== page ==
> > > fields or using a database?
> > >
> >
> > Where you keep state in a web environment (request versus session) is
> > always an issue, whether you're using workflow or not.  In fact, the
> > Workflow implementation should operate correctly even in the absence of
> > sessions, although there's probably some cases where it will throw an NPE
> > instead of something more useful.
>
>
> It'd be nice to be able to have an alternative to using HttpSessions in
> Workflow - say using a database, JDO, EJB or whatever to store the state of
> a Scope.
>
>
> > > For MOM-based workflow we'll either need to ensure all state is sent
> with
> > > the message or that we use some other distributed state mechanism, like
> > > databases, so each step can persist its state for further steps to use.
> > >
> > > I guess many of these issues are common to both web applications (when
> using
> > > server farms and multiple web apps) and for JMS based workflows.
> > >
> >
> > There is a restriction in the servlet spec that makes this somewhat
> > simpler to write applications for -- in a distributable app, all requests
> > for a single session at any single point in time have to be handled on the
> > same server.
>
> > In effect, you can only migrate sessions (for load balancing
> > or failover) "in between" requests.
>
> Agreed. The problem comes when seperate requests for the same HttpSession go
> to different JVMs in a server farm - there is usually a small window between
> requests that the HttpSession state might not have migrated yet - assuming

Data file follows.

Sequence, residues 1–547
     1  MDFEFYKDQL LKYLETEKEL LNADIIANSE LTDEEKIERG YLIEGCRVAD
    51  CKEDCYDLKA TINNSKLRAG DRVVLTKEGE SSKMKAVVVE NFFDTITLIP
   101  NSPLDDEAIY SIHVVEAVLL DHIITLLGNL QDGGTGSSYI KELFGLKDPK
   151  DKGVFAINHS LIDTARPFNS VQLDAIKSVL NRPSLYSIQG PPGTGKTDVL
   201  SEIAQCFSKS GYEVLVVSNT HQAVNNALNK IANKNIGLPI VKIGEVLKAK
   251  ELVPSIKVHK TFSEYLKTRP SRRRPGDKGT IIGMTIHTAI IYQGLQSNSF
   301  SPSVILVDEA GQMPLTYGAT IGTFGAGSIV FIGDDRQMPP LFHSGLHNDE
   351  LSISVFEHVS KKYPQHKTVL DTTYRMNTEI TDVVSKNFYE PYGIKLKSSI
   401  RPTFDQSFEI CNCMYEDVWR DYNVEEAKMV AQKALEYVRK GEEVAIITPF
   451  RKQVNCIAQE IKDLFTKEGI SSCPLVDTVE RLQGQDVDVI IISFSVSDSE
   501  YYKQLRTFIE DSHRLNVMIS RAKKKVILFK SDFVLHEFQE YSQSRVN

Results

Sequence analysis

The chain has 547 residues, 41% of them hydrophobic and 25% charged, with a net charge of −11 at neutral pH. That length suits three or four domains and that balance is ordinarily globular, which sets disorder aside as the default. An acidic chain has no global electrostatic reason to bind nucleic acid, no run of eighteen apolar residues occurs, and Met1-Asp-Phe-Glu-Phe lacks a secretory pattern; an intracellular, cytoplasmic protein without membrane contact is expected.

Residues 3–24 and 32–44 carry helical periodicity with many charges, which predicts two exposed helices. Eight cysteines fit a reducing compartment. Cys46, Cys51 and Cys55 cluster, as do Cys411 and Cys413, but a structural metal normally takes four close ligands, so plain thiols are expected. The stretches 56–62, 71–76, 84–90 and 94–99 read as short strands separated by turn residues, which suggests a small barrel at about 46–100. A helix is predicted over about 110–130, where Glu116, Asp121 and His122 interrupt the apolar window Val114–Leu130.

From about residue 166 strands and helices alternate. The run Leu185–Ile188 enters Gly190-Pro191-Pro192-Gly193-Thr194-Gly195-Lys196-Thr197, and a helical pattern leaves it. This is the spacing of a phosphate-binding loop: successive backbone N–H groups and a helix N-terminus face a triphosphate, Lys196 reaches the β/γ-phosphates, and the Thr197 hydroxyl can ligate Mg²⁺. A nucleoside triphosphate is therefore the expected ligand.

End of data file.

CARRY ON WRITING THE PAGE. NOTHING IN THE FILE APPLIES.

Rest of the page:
> the servlet engine you're using has a reliable session-replication
> mechanism.
>

If your container allows this (simultaneous requests on the same session
to different JVMs), then it is broken -- it's violating the servlet spec
requirements.  It's up to the container to make sure that the atomicity of
"all requests for the same session at the same time go to the same JVM" is
not violated.

Even Tomcat (running behind Apache) gets this one right -- of course, it
does so by sending *all* requests for a session to the original server and
doesn't do any session migration later.

>
> > Given this, the application programming model should not have to pay a
> > whole lot of attention to which server its running on.  (Of course, you
> > have to also obey the restrictions on Serializable session attributes, but
> > beyond that the application's view is very similar to a non-distributed
> > environment.)
>
> Agreed. Though I've also experienced multiple concurrent requests for the
> same HttpSession before in the past - caused by a browser with several
> windows open doing seperate requests - I can't remember off the top of my
> head if it was Netscape or IE.

That's real easy to have happen, even in a non-distributed environment.
Most browsers are configured by default to issue multiple simultaneous
requests if it makes sense (and it will make sense if you're using frames
or image URLs in your pages; that's why you sometimes see multiple images
being downloaded at the same time).  If you're using sessions, all of
those requests will be for the same session ID, and they will be processed
by your container simultaneously (on different threads).

The web application developer is *always* responsible for dealing with
multiple simultaneous requests to the same session.  You deal with that by
appropriate "synchronized" locks to prevent problems with your session
attributes.  The reason for the servlet spec restriction on distributed
environments is so that the application developer does not need to figure
out problems like how to synchronize a HashMap across JVMs :-).

>
> James
>

Craig